Weiyao Lan, Ben M. Chen, K.K. Tan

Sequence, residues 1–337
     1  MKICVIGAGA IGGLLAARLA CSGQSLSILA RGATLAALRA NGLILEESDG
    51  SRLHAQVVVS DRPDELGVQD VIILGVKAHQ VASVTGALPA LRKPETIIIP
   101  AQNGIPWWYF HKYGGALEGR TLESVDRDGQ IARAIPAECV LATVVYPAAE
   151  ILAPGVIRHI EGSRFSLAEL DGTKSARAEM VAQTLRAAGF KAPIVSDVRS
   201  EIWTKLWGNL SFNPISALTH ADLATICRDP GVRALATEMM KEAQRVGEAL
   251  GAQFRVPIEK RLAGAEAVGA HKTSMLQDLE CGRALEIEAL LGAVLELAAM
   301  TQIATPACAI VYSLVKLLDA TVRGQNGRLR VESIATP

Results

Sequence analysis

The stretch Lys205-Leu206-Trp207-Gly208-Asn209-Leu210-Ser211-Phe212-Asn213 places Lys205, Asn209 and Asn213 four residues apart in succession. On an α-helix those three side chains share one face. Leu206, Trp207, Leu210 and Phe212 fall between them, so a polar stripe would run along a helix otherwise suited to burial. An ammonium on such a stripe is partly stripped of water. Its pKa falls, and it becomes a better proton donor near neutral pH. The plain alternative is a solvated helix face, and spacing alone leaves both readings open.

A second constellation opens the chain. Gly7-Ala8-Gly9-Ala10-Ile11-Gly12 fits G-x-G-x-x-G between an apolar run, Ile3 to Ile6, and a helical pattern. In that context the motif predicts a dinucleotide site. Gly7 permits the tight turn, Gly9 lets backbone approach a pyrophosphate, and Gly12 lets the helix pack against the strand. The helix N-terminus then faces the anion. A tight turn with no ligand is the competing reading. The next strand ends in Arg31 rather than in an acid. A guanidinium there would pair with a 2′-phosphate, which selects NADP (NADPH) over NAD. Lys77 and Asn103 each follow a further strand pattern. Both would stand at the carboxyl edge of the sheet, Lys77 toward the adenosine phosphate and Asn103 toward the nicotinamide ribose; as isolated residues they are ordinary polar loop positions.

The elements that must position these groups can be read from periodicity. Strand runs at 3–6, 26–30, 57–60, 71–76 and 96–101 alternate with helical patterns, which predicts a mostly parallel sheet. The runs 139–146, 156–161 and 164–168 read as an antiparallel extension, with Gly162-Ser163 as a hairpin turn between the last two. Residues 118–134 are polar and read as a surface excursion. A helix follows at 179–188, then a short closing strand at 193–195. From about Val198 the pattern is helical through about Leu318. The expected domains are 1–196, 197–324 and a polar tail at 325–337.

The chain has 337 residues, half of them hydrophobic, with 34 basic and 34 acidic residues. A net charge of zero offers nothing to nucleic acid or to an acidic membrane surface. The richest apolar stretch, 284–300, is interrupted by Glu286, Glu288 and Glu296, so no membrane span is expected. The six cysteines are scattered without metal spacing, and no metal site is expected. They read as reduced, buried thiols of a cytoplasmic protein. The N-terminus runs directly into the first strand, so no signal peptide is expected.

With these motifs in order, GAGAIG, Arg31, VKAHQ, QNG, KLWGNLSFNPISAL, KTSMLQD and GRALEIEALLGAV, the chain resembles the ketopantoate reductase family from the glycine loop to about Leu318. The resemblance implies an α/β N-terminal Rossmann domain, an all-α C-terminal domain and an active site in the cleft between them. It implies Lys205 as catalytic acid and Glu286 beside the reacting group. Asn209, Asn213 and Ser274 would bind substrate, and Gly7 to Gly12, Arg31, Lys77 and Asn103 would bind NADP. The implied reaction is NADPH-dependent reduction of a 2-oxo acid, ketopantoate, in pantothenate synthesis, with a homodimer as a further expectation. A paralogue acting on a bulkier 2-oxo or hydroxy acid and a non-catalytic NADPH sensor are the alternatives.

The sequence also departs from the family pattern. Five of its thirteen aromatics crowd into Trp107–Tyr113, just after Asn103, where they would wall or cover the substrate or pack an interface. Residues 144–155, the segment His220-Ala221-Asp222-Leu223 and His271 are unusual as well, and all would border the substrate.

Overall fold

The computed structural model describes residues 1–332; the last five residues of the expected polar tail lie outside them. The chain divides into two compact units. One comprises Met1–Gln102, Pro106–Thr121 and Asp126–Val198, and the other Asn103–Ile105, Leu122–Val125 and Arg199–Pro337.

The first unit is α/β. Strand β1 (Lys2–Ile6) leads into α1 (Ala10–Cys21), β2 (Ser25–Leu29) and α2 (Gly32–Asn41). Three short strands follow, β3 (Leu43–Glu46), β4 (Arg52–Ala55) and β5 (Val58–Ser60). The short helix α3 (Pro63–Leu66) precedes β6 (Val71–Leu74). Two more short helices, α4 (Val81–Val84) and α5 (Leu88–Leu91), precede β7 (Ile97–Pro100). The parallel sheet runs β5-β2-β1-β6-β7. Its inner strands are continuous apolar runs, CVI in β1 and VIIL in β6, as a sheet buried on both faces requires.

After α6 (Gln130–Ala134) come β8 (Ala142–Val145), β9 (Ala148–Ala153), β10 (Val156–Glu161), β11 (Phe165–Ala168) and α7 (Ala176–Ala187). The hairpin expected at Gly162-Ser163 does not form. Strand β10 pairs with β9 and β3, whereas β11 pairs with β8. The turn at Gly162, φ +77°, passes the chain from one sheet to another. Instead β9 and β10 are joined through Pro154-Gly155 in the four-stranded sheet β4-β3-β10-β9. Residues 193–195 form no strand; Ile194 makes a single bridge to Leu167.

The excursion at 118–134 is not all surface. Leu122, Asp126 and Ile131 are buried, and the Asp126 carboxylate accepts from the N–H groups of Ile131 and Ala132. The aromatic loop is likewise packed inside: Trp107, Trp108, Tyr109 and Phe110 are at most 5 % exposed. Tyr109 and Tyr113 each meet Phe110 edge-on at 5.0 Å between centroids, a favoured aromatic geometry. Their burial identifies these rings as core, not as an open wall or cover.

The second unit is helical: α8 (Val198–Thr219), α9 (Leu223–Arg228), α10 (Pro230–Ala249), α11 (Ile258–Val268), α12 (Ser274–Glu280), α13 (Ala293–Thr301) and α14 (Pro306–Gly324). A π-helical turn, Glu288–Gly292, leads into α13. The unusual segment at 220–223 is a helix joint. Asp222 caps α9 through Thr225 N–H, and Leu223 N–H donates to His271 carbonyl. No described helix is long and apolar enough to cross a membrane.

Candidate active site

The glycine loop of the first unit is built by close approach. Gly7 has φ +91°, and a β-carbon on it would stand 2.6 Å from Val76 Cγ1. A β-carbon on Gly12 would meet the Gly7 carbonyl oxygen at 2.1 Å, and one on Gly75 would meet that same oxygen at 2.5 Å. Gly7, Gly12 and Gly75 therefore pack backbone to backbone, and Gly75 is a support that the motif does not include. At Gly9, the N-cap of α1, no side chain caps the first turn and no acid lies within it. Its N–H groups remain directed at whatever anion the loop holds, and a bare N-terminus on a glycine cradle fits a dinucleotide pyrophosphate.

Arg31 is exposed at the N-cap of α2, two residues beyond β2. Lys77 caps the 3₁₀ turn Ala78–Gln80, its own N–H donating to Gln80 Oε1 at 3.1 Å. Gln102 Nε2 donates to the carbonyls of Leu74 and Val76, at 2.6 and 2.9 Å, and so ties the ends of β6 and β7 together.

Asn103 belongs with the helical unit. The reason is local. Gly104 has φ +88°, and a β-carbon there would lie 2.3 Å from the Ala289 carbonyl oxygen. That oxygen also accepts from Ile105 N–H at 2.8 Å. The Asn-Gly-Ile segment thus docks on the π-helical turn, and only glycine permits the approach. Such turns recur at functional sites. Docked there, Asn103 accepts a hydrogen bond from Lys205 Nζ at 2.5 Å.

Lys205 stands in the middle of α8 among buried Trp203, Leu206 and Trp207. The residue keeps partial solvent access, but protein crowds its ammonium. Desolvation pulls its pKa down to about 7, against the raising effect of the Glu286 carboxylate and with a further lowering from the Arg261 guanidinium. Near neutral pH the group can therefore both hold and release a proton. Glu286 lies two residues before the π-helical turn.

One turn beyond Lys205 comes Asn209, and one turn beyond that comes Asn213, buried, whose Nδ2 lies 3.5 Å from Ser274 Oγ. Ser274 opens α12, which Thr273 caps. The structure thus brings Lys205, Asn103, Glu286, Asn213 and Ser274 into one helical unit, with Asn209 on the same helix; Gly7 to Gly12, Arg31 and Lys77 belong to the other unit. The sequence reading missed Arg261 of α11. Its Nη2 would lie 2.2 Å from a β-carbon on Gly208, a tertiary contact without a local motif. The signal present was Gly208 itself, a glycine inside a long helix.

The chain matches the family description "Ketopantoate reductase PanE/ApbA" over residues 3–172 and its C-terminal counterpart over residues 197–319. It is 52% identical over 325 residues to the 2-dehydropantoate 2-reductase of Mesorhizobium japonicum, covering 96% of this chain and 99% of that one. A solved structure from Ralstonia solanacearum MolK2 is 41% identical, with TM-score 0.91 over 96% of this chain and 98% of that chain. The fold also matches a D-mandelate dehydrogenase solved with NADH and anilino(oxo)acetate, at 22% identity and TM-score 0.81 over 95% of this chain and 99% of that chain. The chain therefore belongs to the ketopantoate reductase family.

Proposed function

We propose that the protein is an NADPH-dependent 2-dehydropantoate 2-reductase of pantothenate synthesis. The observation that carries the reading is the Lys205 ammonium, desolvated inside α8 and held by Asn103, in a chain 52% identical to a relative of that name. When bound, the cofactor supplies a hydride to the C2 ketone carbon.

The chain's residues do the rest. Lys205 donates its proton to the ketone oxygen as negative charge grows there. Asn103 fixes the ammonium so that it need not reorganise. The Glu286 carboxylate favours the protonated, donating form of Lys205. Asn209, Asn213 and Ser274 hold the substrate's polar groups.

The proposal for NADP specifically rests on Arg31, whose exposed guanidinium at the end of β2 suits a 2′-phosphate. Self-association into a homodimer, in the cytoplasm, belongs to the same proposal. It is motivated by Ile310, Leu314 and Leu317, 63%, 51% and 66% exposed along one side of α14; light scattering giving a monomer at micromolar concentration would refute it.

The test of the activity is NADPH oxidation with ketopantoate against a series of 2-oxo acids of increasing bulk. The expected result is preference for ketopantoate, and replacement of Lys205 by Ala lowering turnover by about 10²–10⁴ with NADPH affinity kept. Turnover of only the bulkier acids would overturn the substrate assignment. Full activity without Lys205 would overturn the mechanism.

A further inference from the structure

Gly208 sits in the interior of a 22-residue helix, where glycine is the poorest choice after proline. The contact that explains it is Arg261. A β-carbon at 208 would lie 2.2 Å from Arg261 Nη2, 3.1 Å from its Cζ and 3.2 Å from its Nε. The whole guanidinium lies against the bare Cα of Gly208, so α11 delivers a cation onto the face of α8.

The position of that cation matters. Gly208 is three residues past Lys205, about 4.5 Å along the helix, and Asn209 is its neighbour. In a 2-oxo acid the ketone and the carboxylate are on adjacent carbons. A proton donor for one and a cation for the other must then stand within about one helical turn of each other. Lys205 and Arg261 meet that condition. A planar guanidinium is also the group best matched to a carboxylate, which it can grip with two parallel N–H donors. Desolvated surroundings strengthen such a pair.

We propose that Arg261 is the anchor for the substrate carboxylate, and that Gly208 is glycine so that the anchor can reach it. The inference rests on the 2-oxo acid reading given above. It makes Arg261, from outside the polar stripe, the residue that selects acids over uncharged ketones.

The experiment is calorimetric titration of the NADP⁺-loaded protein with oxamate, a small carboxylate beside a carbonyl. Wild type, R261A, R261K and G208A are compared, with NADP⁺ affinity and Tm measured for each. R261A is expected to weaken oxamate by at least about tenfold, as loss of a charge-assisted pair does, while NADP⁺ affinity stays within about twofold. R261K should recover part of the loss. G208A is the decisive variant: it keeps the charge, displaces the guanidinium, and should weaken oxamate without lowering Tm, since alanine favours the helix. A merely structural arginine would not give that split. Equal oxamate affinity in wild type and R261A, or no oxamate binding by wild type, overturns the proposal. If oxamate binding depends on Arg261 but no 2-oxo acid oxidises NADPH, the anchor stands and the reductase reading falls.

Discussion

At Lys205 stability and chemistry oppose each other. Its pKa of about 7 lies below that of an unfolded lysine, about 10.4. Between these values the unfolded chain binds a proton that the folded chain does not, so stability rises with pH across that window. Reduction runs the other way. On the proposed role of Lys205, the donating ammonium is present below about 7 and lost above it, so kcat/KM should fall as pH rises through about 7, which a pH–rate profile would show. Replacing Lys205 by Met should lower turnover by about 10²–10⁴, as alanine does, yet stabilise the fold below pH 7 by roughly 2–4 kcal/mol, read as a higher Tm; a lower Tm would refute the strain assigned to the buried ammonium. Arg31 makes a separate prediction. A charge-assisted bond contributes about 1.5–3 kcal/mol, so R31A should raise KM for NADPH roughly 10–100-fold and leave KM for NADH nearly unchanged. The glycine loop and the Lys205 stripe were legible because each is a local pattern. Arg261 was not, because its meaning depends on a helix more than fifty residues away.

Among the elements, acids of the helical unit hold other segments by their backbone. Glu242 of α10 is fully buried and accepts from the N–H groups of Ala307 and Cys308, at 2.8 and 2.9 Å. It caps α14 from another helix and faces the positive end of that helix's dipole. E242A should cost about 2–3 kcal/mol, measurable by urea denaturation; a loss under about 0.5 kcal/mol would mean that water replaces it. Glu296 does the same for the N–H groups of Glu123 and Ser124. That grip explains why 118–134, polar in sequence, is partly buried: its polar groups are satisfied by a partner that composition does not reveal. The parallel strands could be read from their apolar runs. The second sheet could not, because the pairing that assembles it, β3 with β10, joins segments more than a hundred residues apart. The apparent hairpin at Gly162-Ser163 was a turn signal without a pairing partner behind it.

Intelligent systems and learning control have been an ac- tive research theme in many years. Many of the results in the field have been utilized to solve real-life problems in designing autonomous systems, such as unmanned aerial vehicles (UAVs) and aerospace systems. There were more than one-third of about 400 papers presented at the 10th IEEE International Conference on Control and Automation (IEEE ICCA, 2013), held in June 12–14, 2013, in Hangzhou, China, are directly or indirectly related to topics of intelligent systems and learning control. This motivated us to organize a special issue on intelligent systems and learning control. This special issue selected a set of high-quality papers from those presented in 14 sessions on intelligent systems and learning control at IEEE ICCA, 2013, which cover topics in advances in intelligent and learning control, advances in intelligent and mechatronics systems, fuzzy and neural systems, data-driven learning control, computational intelligence, autonomous unmanned systems, autonomous navigation and control for aerospace systems and UAVs. All the selected papers have been extensively revised and enhanced before submitting to Control and Intelligent Systems. After a rigorous peer review process, we have finally selected six papers from IEEE ICCA, 2013, and four regular submissions for this special issue. We highlight the key contribution of each article in the following. The manuscript by Geng et al. on cooperative task planning of multiple UAVs using a genetic algorithm addresses mission planning issues for guiding a group of UAVs to carry out a series of tasks, namely classification, attack and verification, against multiple targets. After modelling the solution space for task assignment and sequencing with a graph representation, the authors developed a genetic algorithm for finding the optimal solution from the graph to achieve completion of the three tasks on each target, the avoidance of flight prohibit zones, the low level of exposure to enemy radar detection and short overall flying path length.

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